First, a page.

Editor's note: This exclusive series to Nation’s Restaurant News provides C-level insights into the sales and traffic data from clients subscribing to Black Box Intelligence, a financial performance benchmarking company. The views expressed here do not necessarily reflect those of Nation’s Restaurant News.
I open my blog this month with some personal thoughts regarding our industry.
In the past two weeks I completed the preparation and cleanup for Hurricane Sandy that is having such an impact on so many of our friends, families and businesses.
My story is not relevant in terms of destruction, as we experienced more inconvenience and fear in St. Michaels, Md., rather than the devastation that occurred beginning just a few miles north of us on the eastern shore of Maryland. Everyone knows living on or near water in the path of a hurricane you find yourselves adjusting priorities to protect property, pets and families.
By Monday morning we started to feel the effects of the storm's outer band moving on shore. By Tuesday we made it through the very high tide and surge without the havoc we saw with Hurricane Isabel in 2003. Without CNN we didn't know how bad it was for our friends in Delaware north to Massachusetts.
So on Tuesday morning, knowing my family, friends and our property had survived with no real losses, I drove through my neighborhood and town to see what damage had been inflicted on my community. I saw that there were trees and wires down, and there was flooding of the harbor, including our restaurants.
The downtown area had only minor flooding this time, which was a pleasant surprise. All the businesses had been closed since Monday afternoon in preparation for the storm, and the town had few people stirring from the safety and comfort of their homes.
But, to my real surprise, I found our venerable Carpenter Street Saloon open serving a hotjust hours after the worst of the winds and rain had pummeled our town. What a pleasant surprise for a tired and relieved person to discover after the long sleepless night.
I went in to have food, but I got much more. It was full of neighbors gathering to share stories about their night. Trees fallen, roaring winds and eight inches of rain gave many something to share. The chief of police and two of his deputies were having their morning meal after a night of watching over all of us with no sleep.
I sat, watched and listened. It was magic.
Continued from page 1
The cooks, waitresses and the owner all had homes and families to worry about, but they had come in to serve more than a meal; they were serving a nice warm dose of caring hospitality. This is what we do in our industry.
We are the next responders in any tragedy. As soon as the first responders move, we quickly follow to give them and the victims food, drink and the warmth of hospitality that warms the human soul. I know my dear friend Danny Meyer will understand this, as he has so eloquently described the difference between hospitality and service. I know his organization, like so many in New York and New Jersey, are doing everything possible to make a bad situation better through their response and hospitality.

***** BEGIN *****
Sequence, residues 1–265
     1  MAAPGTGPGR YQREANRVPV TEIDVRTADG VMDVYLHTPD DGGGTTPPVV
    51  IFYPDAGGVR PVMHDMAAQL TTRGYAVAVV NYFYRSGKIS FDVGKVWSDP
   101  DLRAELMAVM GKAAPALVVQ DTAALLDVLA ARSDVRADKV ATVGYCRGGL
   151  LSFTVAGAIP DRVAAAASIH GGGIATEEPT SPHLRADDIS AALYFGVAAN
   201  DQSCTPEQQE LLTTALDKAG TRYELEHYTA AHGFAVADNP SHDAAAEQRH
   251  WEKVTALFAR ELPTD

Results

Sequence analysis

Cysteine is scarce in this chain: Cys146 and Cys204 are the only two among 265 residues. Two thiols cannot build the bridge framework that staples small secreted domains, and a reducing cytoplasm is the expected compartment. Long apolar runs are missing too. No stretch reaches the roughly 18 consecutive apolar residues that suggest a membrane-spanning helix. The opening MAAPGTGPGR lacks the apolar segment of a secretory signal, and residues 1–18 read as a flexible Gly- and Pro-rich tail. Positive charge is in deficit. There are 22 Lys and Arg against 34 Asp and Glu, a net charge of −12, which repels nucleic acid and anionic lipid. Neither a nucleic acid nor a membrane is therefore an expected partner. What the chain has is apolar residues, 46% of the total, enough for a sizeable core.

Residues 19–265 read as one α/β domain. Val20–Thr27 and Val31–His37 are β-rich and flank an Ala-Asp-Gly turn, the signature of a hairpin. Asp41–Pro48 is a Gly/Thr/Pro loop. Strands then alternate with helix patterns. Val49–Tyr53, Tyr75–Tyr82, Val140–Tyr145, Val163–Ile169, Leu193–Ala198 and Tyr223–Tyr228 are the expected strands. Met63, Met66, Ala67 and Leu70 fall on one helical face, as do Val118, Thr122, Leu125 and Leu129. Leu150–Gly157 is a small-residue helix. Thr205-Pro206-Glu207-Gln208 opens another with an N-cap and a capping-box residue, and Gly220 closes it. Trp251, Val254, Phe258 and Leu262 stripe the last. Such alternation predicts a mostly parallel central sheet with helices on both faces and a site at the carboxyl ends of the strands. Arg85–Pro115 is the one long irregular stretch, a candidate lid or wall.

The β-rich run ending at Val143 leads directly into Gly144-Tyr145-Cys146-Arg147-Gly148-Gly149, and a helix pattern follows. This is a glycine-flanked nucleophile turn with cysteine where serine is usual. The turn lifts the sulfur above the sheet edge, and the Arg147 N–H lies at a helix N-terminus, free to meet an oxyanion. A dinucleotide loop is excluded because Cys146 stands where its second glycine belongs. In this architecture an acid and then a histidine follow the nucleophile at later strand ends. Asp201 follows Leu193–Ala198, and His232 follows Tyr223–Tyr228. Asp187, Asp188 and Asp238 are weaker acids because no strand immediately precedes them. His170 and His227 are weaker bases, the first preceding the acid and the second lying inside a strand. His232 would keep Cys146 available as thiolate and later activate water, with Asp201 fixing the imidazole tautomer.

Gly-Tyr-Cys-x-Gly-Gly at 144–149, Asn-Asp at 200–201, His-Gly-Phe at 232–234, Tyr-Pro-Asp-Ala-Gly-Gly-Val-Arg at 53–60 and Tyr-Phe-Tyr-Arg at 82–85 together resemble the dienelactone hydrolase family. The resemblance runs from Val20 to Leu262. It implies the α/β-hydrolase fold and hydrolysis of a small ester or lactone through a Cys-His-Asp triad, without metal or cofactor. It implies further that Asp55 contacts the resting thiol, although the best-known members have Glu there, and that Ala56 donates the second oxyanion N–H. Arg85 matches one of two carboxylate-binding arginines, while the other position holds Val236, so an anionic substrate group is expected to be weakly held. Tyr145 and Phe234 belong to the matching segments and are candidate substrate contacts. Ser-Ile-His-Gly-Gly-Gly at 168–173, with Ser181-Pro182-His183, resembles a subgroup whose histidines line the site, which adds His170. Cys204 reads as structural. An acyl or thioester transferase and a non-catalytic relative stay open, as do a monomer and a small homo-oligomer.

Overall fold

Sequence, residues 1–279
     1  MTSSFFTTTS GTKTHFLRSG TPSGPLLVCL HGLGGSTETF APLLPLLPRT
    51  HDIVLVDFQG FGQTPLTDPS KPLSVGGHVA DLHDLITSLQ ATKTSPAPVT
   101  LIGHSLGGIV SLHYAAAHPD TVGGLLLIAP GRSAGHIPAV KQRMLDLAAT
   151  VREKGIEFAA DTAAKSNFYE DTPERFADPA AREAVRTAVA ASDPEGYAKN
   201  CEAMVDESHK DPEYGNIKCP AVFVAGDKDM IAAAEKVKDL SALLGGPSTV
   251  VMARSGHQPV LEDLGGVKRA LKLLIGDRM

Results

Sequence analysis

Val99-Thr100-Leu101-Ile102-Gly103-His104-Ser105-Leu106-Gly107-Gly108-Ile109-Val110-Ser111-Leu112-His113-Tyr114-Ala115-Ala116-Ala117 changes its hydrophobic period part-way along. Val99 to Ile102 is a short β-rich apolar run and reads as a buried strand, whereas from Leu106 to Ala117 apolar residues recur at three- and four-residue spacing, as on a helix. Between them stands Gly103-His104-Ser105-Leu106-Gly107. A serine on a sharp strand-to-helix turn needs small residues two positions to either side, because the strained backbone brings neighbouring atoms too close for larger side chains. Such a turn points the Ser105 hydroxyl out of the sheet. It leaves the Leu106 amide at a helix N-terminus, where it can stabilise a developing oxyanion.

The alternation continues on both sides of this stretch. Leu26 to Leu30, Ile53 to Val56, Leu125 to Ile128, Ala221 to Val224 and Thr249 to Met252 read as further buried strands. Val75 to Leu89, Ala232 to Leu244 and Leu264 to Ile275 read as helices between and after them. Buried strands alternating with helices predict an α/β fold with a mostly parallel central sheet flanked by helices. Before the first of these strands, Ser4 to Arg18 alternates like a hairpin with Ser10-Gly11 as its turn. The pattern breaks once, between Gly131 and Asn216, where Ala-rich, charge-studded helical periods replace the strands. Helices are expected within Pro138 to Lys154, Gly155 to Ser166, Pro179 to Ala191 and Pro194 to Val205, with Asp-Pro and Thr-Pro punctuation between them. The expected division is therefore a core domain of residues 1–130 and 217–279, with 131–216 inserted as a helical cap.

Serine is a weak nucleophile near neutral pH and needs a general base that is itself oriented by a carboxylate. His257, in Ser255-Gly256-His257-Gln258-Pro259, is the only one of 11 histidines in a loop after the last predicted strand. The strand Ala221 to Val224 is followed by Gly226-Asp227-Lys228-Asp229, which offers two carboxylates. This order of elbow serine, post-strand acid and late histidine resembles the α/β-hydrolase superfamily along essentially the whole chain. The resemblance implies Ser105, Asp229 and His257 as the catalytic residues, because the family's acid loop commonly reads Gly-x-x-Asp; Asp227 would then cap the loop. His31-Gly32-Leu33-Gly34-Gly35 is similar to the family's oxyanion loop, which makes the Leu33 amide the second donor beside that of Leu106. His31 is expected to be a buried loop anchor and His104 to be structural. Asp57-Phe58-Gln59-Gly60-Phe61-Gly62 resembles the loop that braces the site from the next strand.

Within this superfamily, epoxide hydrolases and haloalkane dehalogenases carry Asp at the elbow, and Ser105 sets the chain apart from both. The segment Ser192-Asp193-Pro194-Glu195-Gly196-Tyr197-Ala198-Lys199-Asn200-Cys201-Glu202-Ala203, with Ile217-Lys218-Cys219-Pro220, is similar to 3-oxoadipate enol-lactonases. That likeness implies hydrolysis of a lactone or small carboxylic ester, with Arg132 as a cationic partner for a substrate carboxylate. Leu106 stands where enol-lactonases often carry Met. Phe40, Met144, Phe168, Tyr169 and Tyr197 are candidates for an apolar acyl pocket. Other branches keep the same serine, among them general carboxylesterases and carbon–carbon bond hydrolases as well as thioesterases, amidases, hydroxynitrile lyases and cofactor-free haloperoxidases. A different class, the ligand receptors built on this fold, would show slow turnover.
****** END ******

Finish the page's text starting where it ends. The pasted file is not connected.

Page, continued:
This is going on all over the devastated areas affected by Hurricane Sandy. Our employees, owners, executives and suppliers are just behind the first responders as the next responders to do what we do best: provide food, drink and caring hospitality. From quick service to fine dining, we are there for our communities.
Are we different from other business people? I say yes. While many businesses were closed, our heroes were open, not just serving food and drink, but providing caring hospitality. It felt really good to me as a tired neighbor and a hungry patron to receive this at Carpenter Street Saloon, and it felt even better as a citizen of our restaurant community.
Carpenter Street Saloon in St. Michaels, Md.: You and your team rock!! Thank you.
Please remember to help all of our fellow operators and citizens hit so hard by this storm. Prayers for all those impacted from this horrible event and salute to our brothers and sisters out there helping their communities through their caring hospitality and generosity.
Wallace B. Doolin
Doolin is chairman of Thomas Doolin and Associates LLC, the holding company of People Report, the leader in human capital business intelligence for the restaurant industry and Black Box Intelligence. He is the founder of Black Box Intelligence, a state of the art business intelligence product for the restaurant industry. Additionally, serves as a trustee of the National Restaurant Association and is a past chairman of the National Restaurant Association's Education Foundation. Other current responsibilities include public company board of director service for Caribou Coffee and Famous Dave’s. Previously, Doolin served as CEO of Carlson Restaurants Worldwide and TGI Friday’s, Buca, Inc and La Madeleine.